Whether you’re concerned about the rainy weather or simply looking to save some money on your next trip east, we’ve got ten reasons why you should pack your bags and visit Thailand in low season. You won’t regret it!
When is low season in Thailand?
Lasting from July to October, the ‘low season’ is Thailand takes place where the hot season meets rainy season, resulting in some heavy afternoon monsoons and scorching temperatures of up to 38°C.
Where is the best weather in Thailand during low season?
We spent the month of July in Thailand this year and, despite common perceptions that east is best, we experienced far drier weather in the Andaman Sea (other than Phuket), with particularly beautiful days on Koh Phi Phi and Koh Lanta. On the mainland, Bangkok’s weather is equally unpredictable but known to receive only short bursts of showers rather than longer wet afternoons, like the islands. Even further north, Chiang Mai and Chiang Rai are often not affected by low season weather at all, but if a storm passes then you’ll be sure to know it in these stunning parts of rural Thailand.
Why visit Thailand during low season?
As promised, here are our five reasons why visiting Thailand in low season is bound to blow your expectations of dreary wet afternoons and ruined day trips out of the water, so to speak.
1. It’s quieter
As expected from the name, ‘low season’ sees far fewer tourists venture to the busiest parts of Thailand. We’ve traveled on half empty ferries, even quieter budget flights and enjoyed tranquil golden beaches with not a (human) soul for miles around.. you’ll still probably encounter some poor soi dogs looking for a cuddle and a snack!
If you prefer to get away from the crowds, then low season is the perfect time for you to visit Thailand… you can enjoy all the tourist favourites, like Ang Thong National Marine Park, the awe-inspiring cliffs of Koh Phi Phi and world-famous Railay Beach, with a fraction of fellow tourists by your side compared to the later months.
Since there are less tourists roaming the streets (and jungles!), you’ve got a better chance of seeing the amazing wildlife Thailand has to offer, including macaque monkeys, monitor lizards and brightly coloured centipedes, to name but a few.
2. There are good deals to be had
Thailand’s economy relies on tourism, so it’s not a surprise that you’re in for a special treat if you pop over when there are less tourists to compete with. Grab yourself a private long tail with a driver or bargain budget flight to Air Asia as unbelievably cheap prices thanks to the perception that ‘low season’ means less tourists are expected to spend their hard-earned baht in Thailand.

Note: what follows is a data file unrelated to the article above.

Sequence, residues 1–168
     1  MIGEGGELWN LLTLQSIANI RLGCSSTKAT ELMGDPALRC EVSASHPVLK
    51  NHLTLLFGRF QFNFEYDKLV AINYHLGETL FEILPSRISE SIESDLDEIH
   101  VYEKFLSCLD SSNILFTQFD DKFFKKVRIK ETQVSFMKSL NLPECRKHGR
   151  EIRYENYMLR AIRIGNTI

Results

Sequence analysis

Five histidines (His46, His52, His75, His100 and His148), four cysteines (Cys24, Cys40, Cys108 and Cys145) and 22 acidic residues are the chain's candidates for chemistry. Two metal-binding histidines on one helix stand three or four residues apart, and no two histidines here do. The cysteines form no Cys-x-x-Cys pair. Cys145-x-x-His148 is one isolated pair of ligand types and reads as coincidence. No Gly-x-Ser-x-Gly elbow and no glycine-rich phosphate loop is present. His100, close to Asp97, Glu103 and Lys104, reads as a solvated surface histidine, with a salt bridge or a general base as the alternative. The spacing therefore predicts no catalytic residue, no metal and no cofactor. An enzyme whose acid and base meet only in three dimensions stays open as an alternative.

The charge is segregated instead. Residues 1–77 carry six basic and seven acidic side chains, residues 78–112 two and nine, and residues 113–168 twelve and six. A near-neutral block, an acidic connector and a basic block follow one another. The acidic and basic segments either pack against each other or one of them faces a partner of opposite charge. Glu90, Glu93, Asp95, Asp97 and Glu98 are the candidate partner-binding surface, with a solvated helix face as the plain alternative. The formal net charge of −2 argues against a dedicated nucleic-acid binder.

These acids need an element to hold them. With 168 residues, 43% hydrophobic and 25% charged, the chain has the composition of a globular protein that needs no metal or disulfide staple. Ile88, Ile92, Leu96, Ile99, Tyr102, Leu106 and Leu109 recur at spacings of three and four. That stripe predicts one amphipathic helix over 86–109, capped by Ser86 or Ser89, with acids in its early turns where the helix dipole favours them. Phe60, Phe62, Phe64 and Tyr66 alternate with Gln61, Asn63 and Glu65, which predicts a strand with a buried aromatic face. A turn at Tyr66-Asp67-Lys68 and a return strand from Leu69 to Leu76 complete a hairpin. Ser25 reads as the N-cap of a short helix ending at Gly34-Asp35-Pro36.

We found even restaurants in busier tourist spots like Ao Nang, Krabi, were advertising discounts on their menus for ‘low season’ – another amazing opportunity to grab a bargain as you experience one of the most incredible tourist destinations on earth!
3. The rain is actually pretty epic! (And nowhere near as bad as you think)
As long as you’ve got a waterproof bag (available for around £5 from most tourist shops), you can survive a bit of rain! If it gets too heavy, dive into a little cafe and tuck into some delicious thai food, or just enjoy the epic storms Thailand has to offer and then make the most of a warm shower back at the hotel.
During our month in Thailand, we only got caught in a couple of major storms and, even then, they pass so quickly – the ground is drying up before you know it!
4. Friendly locals
Since the streets are not flooded with tourists, the locals have plenty of time to stop and chat with you. In bars and restaurants, we found they were keen to talk to us about all things from politics to tourism, and it’s really nice to get a chance to make this connection when the opportunity arises.
5. More authentic experience
My fifth and final point is more of a summary of the previous four points. As a result of the lack of seas of other tourists, alongside the mixed weather prospects and cheaper prices, you’re bound to have a much more authentic Thai experience if you travel during low season.
When is your favourite time to visit Thailand? Let us know in the comments! We’d love to hear from you.